Though the book, with its extensive footnotes and abundant new material culled largely from interviews, has a scholarly meticulousness likely to please the most rigorous historian, its primary strength lies in the way in which it views history through the eyes of a novelist. There are the memorable images, such as the likening of the coup to a tapeworm growing in the brain; there are the rounded and psychologically probing portrayals of the book’s protagonists; and there are passages with the gripping narrative power of detective fiction. Above all, there is an artistic clarity of vision capable of containing the multiple subtleties of 23 February within what Cercas calls a ‘triple symmetry’.
The coup, as Cercas persuasively argues, was not one but three different coups reflecting the respective attitudes of its three protagonists. Tejero, the main proponent of a ‘hard coup’, was a fanatical Francoist determined to bend reality to his ideal of a rigidly disciplined society under ‘the radiant rule of God’. Supporting the coup from Valencia was the ar istocratic and much older General Jaime Milans del Bosch, another stalwart of the Franco regime, but someone whose personal experience of the Civil War and of a Spain other than Franco’s made him more realistic about the timescale in which a right-wing utopia could be realised. Finally, there was General Alfonso Armada, a monarchist and an advocate of a ‘soft coup’ that would make him the leader of a government not initially too dissimilar from the preceding one. On 23 February this three-headed coup was in direct confrontation with the only three members of the parlia-
I T ’ S JUST NOT K I R I K I T I ISLANDERS: THE PACIFIC IN THE AGE OF EMPIRE
By Nicholas Thomas (Yale University Press 336pp £25)
THE INVADERS’ FIREARMS made them irresistible. They marched through the island, according to a British official’s report, ‘curtly informing the inhabitants that their land had been taken and that they were now the newcomers’ subjects’, whom they killed and enslaved at will. Their victims were the native Moriori of the Chatham Islands, the remotest outposts of the Polynesian world; the year was 1835; and the invaders were Maori, seeking an empire o f t heir own i n apparent imitation o f European methods. European romantics represented the Pacific as paradise. But Paradise seemed misplaced in an ocean that environmental overkill had already depleted and traditional violence bloodied. Europeans’ bad example, limited adaptability and ruthless depredations did ment to refuse to be intimated by Tejero’s bullets: Suárez himself, his right-hand man Manuel Gutiérrez Mellado (who bravely stood up to tell Tejero to desist), and the elderly head of the Spanish Communist Party, Santiago Carrillo, who, after an initial moment of hesitation, followed the prime minister’s example and remained resolutely seated. For Cercas these three men were the true and virtually sole heroes of 23 February, if heroes of a peculiarly modern kind. Despite differences in ideology, they were united by a realpolitik and by their betrayals of the ideals they had slavishly served in their youths. Gutiér rez Mellado was a renegade Francoist, while Carrillo was a Communist who eventually rejected revolutionary principles to embrace democratic socialism.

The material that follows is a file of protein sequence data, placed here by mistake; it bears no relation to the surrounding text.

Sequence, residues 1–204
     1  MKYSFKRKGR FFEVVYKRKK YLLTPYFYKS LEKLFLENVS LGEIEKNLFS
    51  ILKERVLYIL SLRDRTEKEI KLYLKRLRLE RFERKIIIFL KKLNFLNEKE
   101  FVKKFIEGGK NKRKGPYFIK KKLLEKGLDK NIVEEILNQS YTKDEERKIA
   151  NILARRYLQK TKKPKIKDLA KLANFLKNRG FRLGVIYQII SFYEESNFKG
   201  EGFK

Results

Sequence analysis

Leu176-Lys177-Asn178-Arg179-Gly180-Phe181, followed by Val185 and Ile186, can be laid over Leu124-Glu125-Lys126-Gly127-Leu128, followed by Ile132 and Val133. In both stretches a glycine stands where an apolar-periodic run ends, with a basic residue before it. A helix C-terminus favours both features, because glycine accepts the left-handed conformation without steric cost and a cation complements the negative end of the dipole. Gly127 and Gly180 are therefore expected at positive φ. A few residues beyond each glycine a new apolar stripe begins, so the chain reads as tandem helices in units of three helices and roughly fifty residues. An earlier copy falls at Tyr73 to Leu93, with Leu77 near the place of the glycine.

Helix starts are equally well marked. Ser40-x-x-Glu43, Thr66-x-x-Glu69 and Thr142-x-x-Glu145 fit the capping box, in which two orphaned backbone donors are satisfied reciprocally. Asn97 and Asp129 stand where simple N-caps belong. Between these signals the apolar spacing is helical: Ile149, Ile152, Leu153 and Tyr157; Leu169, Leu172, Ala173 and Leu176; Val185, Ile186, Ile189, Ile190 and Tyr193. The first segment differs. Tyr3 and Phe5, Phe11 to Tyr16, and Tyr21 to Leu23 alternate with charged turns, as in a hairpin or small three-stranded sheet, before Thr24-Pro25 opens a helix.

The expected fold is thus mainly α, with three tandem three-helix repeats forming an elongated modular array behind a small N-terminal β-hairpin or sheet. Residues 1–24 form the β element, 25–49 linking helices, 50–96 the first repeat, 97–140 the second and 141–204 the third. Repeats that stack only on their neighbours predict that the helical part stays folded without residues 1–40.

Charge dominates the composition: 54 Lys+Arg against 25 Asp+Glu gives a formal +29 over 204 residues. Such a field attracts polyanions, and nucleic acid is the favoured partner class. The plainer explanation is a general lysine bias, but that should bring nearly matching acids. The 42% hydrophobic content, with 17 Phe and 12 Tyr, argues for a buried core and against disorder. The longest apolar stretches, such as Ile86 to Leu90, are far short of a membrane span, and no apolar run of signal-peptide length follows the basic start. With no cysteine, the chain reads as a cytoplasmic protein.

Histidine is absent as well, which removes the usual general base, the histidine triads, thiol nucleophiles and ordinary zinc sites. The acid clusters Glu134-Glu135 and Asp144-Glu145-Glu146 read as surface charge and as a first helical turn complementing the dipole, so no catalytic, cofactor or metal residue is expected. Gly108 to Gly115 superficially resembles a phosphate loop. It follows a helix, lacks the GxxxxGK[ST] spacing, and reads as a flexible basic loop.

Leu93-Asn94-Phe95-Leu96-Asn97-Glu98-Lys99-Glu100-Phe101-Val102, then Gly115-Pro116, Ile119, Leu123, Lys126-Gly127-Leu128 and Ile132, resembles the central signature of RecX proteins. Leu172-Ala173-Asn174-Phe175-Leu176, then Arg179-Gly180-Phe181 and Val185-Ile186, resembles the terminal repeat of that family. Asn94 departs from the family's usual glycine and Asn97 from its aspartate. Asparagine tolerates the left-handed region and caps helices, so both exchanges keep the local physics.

But the ‘worst, the total traitor’ was Suárez, whom Cercas had always dismissed as a ‘Falangist upstart’ but who emerges f rom this book as a t rag ic f igure of Shakespearean propor t ions. After betraying those ‘Francoist leaders and barons who trusted him to prolong Francoism’, he went on to antagonise just about everybody. Yet, for Cercas, the image of Suárez seated in isolation in the parliament, ‘a politically finished and personally broken man’, stoically ready for a bullet to kill him, is one that is eloquent of democracy itself, with all its uncertainties and complexities.
The Anatomy of a Moment is not only essential reading for anyone interested in modern Spain. It is also an absorbing testament to the machinations of politics and the vagaries of political reputations. To order this book for £15.19, see LR Bookshop on page 10
not start the degradation, but made it worse. In his new book on the nineteenth-centur y Pacific, Nicholas Thomas quotes a young participant in a doomed colony in the New Hebrides in 1881 – a Belgian for whom ‘Paradise’, he later recalled, ‘became a hell.’
Thomas is aware of the mutual hatreds and conflictive customs that made islanders kill, exploit, and eat each other. He tells fascinatingly gruesome stor ies of their internecine wars. His vivid account of a massacre of socalled insurgents under a glimmer ing sky in New Caledonia in 1878 demonstrates that intertribal rivalries, not resistance against French imperialism, motivated the warriors. A couple of years earlier, the Viti Levu War in a remote part of Fiji exemplified the way traditional conflicts took on anti-colonial airs as some native factions enlisted European help. Thomas has few romantic illusions about Easter Island, which he sees as an instance of how Pacific cultures ‘have frequently been imagined via spectacular instances rather than contextualized histories’. He describes how Marist missionaries gave up their efforts to convert the people of San Cristóbal in Melanesia in the 1840s because of the intractability of the islanders’ violence against each other. When conversion worked, as it did in a small way for Methodists on